I find myself wondering, as well, if I had obtained that degree studying other people’s books, whether I ever would have written any of my own. It seems unlikely. Perhaps younger me was on to something when I envisioned graduate school in my future, but I’m beginning to suspect a degree in creative writing would better serve my present interests and goals. The obvious questions, of course, are when am I supposed to accomplish this and, especially, how am I supposed to pay for this?

I do believe I’ll come to some satisfactory answer. After all, it took me several years to work up the courage to finally leave SLO and the newsroom I had known all of my adult life.

But I have to ask myself what are the goals of obtaining a degree in creative writing (and, insist that I am honest with myself when answering such a question).

Do I want to make more money? Absolutely. (Who doesn’t?) But a degree in creative writing is not going to accomplish that.

Do I want the validity of someone who actually knows good writing telling me whether I am, in fact, a good writer? Absolutely. But only if the answer is yes.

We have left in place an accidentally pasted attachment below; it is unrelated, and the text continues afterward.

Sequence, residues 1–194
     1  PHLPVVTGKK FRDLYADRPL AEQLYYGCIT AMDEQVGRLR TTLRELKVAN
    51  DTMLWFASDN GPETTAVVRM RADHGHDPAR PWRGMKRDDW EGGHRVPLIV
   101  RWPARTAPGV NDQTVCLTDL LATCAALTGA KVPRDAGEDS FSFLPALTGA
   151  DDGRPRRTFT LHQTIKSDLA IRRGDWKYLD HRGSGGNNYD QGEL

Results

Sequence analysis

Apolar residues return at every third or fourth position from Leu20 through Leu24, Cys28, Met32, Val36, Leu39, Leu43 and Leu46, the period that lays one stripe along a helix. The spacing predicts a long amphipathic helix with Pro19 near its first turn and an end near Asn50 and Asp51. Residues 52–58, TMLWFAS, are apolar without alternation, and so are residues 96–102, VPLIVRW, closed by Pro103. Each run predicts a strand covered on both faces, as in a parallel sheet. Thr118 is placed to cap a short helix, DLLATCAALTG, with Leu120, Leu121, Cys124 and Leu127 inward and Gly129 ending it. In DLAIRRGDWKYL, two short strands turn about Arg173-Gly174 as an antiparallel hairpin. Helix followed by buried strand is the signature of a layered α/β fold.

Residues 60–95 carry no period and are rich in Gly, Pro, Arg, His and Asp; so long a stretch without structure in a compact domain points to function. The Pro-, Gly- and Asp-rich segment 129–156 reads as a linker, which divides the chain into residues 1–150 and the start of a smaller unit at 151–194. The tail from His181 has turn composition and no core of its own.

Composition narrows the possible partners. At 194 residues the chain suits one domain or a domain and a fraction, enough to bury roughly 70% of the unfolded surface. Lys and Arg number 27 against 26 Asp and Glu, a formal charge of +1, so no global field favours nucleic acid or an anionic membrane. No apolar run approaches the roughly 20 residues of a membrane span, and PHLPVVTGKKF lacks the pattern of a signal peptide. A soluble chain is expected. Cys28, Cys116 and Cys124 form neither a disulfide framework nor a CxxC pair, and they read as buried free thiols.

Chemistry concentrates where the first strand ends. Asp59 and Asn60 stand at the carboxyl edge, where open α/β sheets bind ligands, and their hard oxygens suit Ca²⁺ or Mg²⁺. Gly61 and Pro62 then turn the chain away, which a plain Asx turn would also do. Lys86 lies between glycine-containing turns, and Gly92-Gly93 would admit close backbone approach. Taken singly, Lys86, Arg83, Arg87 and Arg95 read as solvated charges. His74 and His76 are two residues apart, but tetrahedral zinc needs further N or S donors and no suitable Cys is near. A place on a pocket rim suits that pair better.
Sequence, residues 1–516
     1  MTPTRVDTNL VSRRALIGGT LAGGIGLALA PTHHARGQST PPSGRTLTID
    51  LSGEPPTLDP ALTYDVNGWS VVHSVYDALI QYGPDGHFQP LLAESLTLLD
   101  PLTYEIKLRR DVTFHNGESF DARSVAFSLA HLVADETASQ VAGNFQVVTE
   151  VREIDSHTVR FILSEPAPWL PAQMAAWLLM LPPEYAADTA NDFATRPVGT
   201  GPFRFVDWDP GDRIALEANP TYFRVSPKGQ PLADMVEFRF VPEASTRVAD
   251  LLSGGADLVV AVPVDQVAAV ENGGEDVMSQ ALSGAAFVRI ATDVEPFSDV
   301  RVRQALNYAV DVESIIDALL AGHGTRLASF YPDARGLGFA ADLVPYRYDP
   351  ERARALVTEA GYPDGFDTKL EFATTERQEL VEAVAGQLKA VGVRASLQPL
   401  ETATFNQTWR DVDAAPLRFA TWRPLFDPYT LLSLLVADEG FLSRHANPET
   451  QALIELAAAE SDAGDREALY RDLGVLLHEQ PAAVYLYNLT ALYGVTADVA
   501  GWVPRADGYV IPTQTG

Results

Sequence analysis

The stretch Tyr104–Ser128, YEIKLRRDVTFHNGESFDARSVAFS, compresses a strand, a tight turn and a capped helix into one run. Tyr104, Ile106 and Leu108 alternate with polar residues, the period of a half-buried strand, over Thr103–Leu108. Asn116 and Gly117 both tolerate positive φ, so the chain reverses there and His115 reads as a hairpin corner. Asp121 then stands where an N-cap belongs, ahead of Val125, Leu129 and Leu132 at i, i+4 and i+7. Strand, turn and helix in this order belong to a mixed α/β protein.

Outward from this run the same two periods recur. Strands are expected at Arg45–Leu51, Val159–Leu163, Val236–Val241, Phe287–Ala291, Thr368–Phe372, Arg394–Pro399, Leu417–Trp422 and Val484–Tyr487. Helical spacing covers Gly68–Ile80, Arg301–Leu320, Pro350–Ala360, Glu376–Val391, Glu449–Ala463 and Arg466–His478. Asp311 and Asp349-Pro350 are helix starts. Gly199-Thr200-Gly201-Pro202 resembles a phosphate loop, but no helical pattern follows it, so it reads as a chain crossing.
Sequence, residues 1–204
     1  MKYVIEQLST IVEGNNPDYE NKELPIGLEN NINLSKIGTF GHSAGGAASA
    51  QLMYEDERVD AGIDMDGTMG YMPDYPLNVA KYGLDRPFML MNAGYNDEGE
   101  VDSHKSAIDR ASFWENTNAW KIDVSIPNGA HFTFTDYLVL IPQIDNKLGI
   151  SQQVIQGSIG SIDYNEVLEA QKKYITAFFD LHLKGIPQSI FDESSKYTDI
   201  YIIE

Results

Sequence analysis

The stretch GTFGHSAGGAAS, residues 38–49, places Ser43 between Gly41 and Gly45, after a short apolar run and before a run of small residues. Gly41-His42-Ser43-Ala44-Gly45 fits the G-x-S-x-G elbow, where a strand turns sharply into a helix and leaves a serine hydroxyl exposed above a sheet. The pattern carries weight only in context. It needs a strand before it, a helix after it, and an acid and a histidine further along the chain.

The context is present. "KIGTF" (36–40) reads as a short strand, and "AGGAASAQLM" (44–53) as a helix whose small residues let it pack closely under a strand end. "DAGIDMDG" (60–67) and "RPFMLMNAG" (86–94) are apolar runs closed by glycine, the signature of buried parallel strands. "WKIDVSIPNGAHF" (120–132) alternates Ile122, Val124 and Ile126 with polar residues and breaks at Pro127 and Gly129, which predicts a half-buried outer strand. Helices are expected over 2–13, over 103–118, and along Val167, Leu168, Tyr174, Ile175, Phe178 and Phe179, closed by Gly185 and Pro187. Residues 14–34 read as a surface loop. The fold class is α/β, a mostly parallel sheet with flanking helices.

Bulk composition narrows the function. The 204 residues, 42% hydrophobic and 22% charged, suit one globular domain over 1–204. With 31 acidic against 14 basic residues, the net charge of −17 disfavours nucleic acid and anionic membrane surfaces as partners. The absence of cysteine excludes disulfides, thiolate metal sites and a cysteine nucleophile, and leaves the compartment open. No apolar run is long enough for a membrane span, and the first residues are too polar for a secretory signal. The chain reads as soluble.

Do I want to improve my craft? Of course. Everyone knows that practice makes perfect but if you’re primarily “practicing” in isolation, never receiving any substantial critique or feedback, well, there’s a good chance there’s some spinning of wheels taking place. Not to mention the fact that it’s damn difficult to judge your own work so the question of whether my writing has improved over the years remains (for me, at least) unanswered.

I also find myself reflecting on my expectations on that day 10 years ago. I left Los Angeles the night that I graduated from UCLA and never looked back. College never really felt all that real, despite the fact that I enjoyed my classes and professors. That was the very first day of my life when I didn’t know what I was going to do next.